Single Axle Tandem

    Wheelbase 219’ 213’

    Turning Radius 37.28 ft 36.43 ft
    (curb to curb)

    It is important to state that the overall length of the body is about 36” longer in the tandem axle application. This added length offers two (2) benefits:

    • A smaller front overhang for the aerial ladder

    • A longer, larger hose bed. This makes hose racking and packing easier.

    Maintenance with a single axle is more as there is more break wear and suspension wear as well. Better handling and breaking are another advantage of the tandem axle design. In the tandem, there is more tire surface in contact with the road and there are more brakes working. The tandem provides more stable handling and better breaking, making is a safer vehicle.

    Cost is another consideration. The cost difference between a 75’ single and a tandem is approximately $20,000. The cost of the tandem is greater, it is important to put this cost difference in perspective. Over the in service life of the Quint, the extra cost approximately $800.00 per year, is very little. Based on a twenty year life of the apparatus. It is entirely likely that this cost would be more than offset by reduced maintenance costs, making the tandem a better investment when view from this perspective.

    Bottom line is what the department can afford at the time of the bidding and the awarding of the bid vs. what they will be spending over the life of a single apparatus rig, against a tandem axle rig.
    Studies are great,But I've HAD both types of vehicles(300 water NOT 500)AND I'm RELATING what I KNOW based on having EACH of them. AND depending on the variants I listed YOUR results could be different. This is OUR findings based on OUR responses and response area. A tandem MAY or May NOT be the BEST choice. REGARDLESS of the authors inclinations. There are SEVERAL ways to increase braking on a Single and for many applications the Tandem MAY be a better choice. But NOT ALL. Just another viewpoint,based on experience.Said it before and I'll say it again: On an investment of this size and expense,DO your homework,ASK the questions. But in the end,do what is RIGHT for YOUR community/Agency. T.C.

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    Quote Originally Posted by Rescue101 View Post
    Studies are great,But I've HAD both types of vehicles(300 water NOT 500)AND I'm RELATING what I KNOW based on having EACH of them. AND depending on the variants I listed YOUR results could be different. This is OUR findings based on OUR responses and response area. A tandem MAY or May NOT be the BEST choice. REGARDLESS of the authors inclinations. There are SEVERAL ways to increase braking on a Single and for many applications the Tandem MAY be a better choice. But NOT ALL. Just another viewpoint,based on experience.Said it before and I'll say it again: On an investment of this size and expense,DO your homework,ASK the questions. But in the end,do what is RIGHT for YOUR community/Agency. T.C.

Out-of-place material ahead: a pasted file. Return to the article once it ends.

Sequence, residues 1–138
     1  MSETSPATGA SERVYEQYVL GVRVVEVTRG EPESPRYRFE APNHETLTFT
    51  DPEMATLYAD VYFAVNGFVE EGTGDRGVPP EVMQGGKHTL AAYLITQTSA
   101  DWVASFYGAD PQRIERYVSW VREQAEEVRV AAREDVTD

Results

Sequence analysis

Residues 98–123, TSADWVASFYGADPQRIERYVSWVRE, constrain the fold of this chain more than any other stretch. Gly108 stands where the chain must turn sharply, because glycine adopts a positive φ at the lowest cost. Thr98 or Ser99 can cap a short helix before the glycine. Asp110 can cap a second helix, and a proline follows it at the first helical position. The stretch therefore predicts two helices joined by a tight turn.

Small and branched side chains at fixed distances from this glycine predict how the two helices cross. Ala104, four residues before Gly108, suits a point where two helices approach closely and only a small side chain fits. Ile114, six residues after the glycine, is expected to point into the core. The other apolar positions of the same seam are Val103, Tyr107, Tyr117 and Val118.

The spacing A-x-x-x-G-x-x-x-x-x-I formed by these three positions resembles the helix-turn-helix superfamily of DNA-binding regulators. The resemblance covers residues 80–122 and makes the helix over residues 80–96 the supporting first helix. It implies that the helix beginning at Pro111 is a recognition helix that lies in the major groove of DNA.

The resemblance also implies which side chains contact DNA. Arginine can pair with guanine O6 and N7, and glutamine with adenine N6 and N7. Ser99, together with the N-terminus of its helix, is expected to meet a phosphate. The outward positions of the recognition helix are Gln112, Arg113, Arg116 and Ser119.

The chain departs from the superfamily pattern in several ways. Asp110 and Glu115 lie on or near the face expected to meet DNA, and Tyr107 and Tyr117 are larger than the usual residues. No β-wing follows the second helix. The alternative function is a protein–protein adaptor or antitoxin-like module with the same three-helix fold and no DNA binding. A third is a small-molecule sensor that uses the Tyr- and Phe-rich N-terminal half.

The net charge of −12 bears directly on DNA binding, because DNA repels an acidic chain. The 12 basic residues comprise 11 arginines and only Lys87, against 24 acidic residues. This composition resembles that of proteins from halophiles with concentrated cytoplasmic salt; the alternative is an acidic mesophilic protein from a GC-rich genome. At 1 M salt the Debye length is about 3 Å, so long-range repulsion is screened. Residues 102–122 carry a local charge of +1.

I can base my information on 20 quint units, 15 - 75's 500 tanks and 5 - 105's 300 tanks and also on those from other department that have more or less. Most say the same thing, we wish we had bought them with tandems, but the next bunch will be that.

    I can say that one of the 75's, 500 tank, is a single rear and that ride gets more tires and brakes than the others do on a yearly basis.


    But everyone has different opinions and that is why there are various makers of fire trucks as well.
    Stay Safe and Well Out There....

    Always remembering 9-11-2001 and 343+ Brothers

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    Well you got me beat on Tank and quantity. Our Tandem is WAY harder on rubber than our single EVER was. NEVER did brakes on the Single and it will be a FEW years before we do 'em on the Tandem(New in 08/09. Like I said, different places will have different results. T.C.

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    Here's a rhetorical question to consider:

    Is the quint in your dept.: 1) A pumper with an aerial device or 2) An aerial truck with a pump, hose, and water.

    C6

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    In OUR case,LADDER with extras. T.C.

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    @ AFDCaptainRet... I can't reply to your PM if you can't receive them.

    FM1
    I'm the one Fire and Rescue calls, when they need to be Rescued.

    Quote Originally Posted by EastKyFF
    "Firemens gets antsies. Theys wants to goes to fires. Sometimeses they haves to waits."

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    I can receive them....I think. I thought I shut off the "block" on my profile. If I didn't please tell me what to do and I will. Thanks in advance.